WarnerMedia is planning to launch yet another online video service to compete in an increasingly crowded market. It will be available by the end of 2019, by which time other heavyweights like Disney will have launched their services. How many separate services like this can the market sustain?

WarnerMedia, formerly Time Warner, includes the brands HBO, Turner and Warner Bros. AT&T acquired the group for $85 billion, closing the deal in June 2018.

HBO already has its HBO Now online offering, which will continue, but the group is looking for something with more scale to compete with the likes of Netflix, with HBO as an anchor brand, surrounded by a large library of other media assets from Warner Media and others.

Turner has over 175 international networks, including CNN, although that will not be part of the new online service. Warner Bros has a library of over 100,000 hours of programming, including hit television shows and movie franchises such as Harry Potter and Lord of the Rings.

In a company filing, AT&T stated: “We expect financial support to launch this product to come from a combination of incremental efficiencies within the WarnerMedia operations, consolidating resources from sub-scale D2C efforts, fallow library content, and technology reuse.” It added: “We expect to defer some licensing revenues to later periods in the form of increased customer subscription revenues.”

WarnerMedia, now part of AT&T.

John Stankey, the chief executive of WarnerMedia, said the company would launch a new direct-to-consumer service in the fourth quarter of 2019.

“This is another benefit of the AT&T/Time Warner merger,” he said in a statement, “and we are committed to launching a compelling and competitive product that will serve as a complement to our existing businesses and help us to expand our reach by offering a new choice for entertainment with the WarnerMedia collection of films, television series, libraries, documentaries and animation loved by consumers around the world.”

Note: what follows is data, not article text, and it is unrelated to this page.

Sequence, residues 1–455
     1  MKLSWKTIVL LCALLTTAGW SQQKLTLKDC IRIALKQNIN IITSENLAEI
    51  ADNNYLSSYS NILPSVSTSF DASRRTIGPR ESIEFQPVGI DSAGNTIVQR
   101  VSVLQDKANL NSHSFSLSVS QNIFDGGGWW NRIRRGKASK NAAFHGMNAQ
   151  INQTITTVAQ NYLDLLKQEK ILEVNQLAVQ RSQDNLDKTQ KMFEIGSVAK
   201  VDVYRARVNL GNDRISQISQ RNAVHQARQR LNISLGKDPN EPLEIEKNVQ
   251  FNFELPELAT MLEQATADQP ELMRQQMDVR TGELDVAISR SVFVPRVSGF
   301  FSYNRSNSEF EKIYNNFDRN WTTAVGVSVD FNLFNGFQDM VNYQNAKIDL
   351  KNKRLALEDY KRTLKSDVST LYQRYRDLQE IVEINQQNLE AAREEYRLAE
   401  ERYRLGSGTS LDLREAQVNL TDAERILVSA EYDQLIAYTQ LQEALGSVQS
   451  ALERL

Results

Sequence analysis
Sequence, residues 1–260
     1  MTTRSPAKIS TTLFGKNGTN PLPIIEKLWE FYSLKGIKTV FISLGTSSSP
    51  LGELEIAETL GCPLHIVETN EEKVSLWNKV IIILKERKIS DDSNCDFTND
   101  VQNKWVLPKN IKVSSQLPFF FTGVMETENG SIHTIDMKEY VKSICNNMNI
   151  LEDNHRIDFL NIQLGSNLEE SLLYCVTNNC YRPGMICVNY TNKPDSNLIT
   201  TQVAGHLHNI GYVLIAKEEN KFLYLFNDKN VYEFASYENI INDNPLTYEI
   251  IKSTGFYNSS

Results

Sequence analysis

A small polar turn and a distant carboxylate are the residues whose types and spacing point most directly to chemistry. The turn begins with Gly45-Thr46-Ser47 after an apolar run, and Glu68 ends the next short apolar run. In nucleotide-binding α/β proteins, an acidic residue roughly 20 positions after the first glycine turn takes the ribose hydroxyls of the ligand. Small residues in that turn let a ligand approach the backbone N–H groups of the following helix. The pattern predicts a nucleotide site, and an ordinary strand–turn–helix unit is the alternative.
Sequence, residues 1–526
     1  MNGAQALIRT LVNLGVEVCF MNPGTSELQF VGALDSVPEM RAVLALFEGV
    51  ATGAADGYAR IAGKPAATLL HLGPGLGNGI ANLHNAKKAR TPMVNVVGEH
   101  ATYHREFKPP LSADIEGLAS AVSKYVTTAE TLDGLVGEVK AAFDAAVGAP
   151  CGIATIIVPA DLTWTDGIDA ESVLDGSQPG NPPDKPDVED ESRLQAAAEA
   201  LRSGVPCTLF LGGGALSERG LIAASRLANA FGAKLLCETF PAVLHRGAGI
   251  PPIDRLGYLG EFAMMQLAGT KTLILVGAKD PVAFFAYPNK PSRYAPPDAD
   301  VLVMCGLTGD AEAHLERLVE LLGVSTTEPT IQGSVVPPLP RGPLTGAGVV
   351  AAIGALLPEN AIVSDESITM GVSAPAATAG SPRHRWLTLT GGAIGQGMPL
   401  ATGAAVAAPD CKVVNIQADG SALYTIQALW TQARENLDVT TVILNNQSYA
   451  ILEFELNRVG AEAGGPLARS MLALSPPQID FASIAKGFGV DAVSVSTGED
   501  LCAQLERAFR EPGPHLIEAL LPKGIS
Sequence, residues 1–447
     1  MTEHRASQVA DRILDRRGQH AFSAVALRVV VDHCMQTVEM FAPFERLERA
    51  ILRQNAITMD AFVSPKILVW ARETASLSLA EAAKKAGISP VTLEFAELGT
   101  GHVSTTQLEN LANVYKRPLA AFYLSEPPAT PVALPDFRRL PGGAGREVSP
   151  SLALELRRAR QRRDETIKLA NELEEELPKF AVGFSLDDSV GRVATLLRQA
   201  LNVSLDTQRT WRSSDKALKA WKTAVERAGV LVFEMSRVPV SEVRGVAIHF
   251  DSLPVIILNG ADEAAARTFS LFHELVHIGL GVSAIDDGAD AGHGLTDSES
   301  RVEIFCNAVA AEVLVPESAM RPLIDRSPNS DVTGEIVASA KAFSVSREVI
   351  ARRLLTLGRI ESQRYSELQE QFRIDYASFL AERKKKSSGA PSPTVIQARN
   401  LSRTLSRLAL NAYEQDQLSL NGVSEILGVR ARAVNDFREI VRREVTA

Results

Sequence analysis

Interestingly, he said: “We expect to create such a compelling product that it will help distributors increase consumer penetration of their current packages and help us successfully reach more customers.”

That indicates the channel conflict that media companies face in going direct to consumer, risking relationships with existing distributors.

Quite how WarnerMedia will support these distributors in increasing uptake of their existing packages is unclear. Potentially they could bundle it as part of their offering.

It is equally unclear that consumers are clamouring for yet another separate online video service.

Speaking at a Vanity Fair conference in Los Angeles immediately after the market announcement, the WarnerMedia chief executive said the service would be anchored by HBO as a lead brand as part of the offering.

“HBO is a really important brand,” he said. “I think your going to see a stronger HBO. I don’t think HBO singularly will meet the needs of a broad scale of customers that we want to address.”

Describing the new offer, he said “Its another distribution option of how we take the years of investment and the total portfolio of what we’re investing every year across WarnerMedia brands and have another place to put that content.”

“My job is not to build another Netflix. Our job is to build a compelling offer of content that gets a large number of customers to say it’s worth paying that much money.”

Asked how many separate services the average consumer could sustain, he said: “I don’t think we know the answer to that question. I can probably guess that the number isn’t 10. I can probably guess the number isn’t two. So now the question is it four, is it six? We’d better be at that table when a customer makes that decision.”

The current HBO Now service is more expensive than Netflix, but the WarnerMedia executive would not be drawn on whether the new service would cost more. He said “The price that you will see on a combined basis of HBO plus other brands will be a very compelling offer.”

All the same, there must be a question of how many separate services the market will bear.

Perhaps someone should consider bundling some of them up in a package and wrapping them up into a service with a slick user interface to enable viewers to find all the programmes that they want to watch.